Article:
From the President: A Missing Element?

29 February 2024

A founding principle of the European Cancer Organisation is the use of a multi-disciplinary, multi-professional approach to improving cancer care. But are we really living up to that ideal?

ECO just launched the ambitious INTERACT-EUROPE 100 project so that healthcare providers from different specialties and professions can train together. This is designed to improve collaboration resulting in better patient care. But what is absent from this and so many other projects is any psycho-social component.

Far too often, incorporating psycho-social support in EU cancer projects feels like an afterthought, at best. I have spent my entire professional life in this field and I have seen firsthand the profound benefits it provides, and the mental and physical pain that can result when initiatives ignore this component.  

For the patient, cancer doesn't confine itself to one body part or one physical system. It has devastating consequences across biological, social, and psychological spheres. Indeed, every aspect of 'being'. And this needs to be addressed in every project we initiate.

Until the field of psycho-oncology was founded in 1977 by Dr Jimmie Holland at Memorial Sloan Kettering Cancer Center in New York, measuring anxiety, and depression, and fatigue was not fully appreciated – or straightforward. Today, however, there are objective scales to evaluate the patient experience and to validate whether psychological interventions are working. Psycho-oncology has become a full-fledged partner in evidence-based science.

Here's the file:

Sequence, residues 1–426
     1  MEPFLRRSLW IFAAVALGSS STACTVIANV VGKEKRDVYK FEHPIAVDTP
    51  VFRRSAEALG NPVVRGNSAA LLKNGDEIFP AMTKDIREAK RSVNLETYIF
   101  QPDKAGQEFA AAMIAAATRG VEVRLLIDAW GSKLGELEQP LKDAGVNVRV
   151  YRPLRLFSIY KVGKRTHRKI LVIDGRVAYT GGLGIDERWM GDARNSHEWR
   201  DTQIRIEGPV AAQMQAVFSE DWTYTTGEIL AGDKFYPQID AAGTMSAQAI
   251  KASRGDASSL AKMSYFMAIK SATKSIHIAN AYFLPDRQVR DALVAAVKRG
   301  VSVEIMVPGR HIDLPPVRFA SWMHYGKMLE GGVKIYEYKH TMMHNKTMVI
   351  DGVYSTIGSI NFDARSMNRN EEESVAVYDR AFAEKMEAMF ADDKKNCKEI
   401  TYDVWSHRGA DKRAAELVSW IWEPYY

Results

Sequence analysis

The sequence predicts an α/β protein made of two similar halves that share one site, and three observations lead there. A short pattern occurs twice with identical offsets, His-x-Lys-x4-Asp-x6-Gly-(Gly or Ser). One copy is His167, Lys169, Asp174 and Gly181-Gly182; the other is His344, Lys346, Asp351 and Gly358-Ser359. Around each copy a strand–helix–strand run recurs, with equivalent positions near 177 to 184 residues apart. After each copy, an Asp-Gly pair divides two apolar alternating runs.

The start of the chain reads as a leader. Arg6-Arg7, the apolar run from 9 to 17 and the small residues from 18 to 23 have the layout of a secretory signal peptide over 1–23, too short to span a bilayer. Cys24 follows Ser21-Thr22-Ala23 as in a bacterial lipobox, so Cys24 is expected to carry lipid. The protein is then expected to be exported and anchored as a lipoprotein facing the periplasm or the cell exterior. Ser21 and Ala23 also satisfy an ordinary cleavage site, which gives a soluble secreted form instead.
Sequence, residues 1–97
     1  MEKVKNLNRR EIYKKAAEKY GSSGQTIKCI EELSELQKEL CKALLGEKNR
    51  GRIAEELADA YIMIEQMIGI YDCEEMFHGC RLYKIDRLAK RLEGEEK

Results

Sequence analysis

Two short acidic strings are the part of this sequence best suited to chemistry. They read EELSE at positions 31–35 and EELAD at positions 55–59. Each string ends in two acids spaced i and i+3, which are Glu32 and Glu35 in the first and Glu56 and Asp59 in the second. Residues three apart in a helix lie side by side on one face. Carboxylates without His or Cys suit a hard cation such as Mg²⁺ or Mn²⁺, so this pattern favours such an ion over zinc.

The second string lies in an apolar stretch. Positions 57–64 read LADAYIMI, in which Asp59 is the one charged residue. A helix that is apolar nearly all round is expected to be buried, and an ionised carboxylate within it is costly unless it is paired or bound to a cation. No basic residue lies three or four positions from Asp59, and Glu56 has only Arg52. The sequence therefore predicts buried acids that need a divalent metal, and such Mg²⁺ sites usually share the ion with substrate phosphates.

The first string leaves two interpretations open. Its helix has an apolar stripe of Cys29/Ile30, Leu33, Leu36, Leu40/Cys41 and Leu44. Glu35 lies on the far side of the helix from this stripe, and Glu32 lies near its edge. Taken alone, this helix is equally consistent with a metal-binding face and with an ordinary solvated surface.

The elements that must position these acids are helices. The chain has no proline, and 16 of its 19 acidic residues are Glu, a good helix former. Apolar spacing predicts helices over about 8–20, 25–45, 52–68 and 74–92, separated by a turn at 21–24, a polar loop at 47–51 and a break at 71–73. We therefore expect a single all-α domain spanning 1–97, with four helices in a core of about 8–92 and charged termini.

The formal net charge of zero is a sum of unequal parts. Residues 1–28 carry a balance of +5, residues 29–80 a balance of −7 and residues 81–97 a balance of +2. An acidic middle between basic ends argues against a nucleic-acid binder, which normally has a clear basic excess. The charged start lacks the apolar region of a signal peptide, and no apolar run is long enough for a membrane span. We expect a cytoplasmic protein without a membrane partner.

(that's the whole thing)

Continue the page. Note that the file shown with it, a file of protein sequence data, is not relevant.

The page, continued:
So why is it so often overlooked in designing cancer care projects?

One reason is the so-called 'silos of care'. Unfortunately, this enduring challenge affects every medical specialty, even when different professionals are sitting around the same table. We are still learning the language, and the needs, and the techniques of the other specialties and the potential role each could play in the patient's care.

These professional silos have a direct impact on the patient's quality of life and make it difficult, sometimes impossible, to integrate psycho-social support into cancer care initiatives.  

Another reason psycho-social support is so often overlooked is because we do not listen   enough to the needs of our cancer patients. We fail to practice genuine patient-centred care.

We assume that since patients don't understand their disease, they don't understand its psychological impact. But that impact is real, and all too often we fail to ask them about it.  

When the INTERACT-EUROPE 100 was launched in Barcelona two weeks ago, there were plenty of presentations explaining the project and its various components. There was also an offer to expand the training to include additional disciplines and professions.

I sincerely hope they consider adding psycho-social professionals to this novel inter-specialty programme.  Indeed, I would ask all my colleagues working on new cancer care initiatives in Europe to explore the role of psycho-oncology in their efforts.  If patient-centred care is truly our goal, we cannot afford to do otherwise.

With gratitude and warm wishes,


Prof. Csaba Degi